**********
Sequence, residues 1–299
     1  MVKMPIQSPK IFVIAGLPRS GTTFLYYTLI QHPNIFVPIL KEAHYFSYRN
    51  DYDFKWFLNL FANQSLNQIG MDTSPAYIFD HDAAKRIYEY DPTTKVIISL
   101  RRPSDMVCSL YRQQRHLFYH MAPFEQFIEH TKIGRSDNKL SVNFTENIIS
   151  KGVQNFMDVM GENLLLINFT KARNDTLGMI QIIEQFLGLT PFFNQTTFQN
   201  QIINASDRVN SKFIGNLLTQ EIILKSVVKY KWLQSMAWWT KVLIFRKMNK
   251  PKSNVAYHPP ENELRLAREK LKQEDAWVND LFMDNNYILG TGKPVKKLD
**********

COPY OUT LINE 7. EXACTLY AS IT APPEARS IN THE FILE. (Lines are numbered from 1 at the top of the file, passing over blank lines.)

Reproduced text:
   251  PKSNVAYHPP ENELRLAREK LKQEDAWVND LFMDNNYILG TGKPVKKLD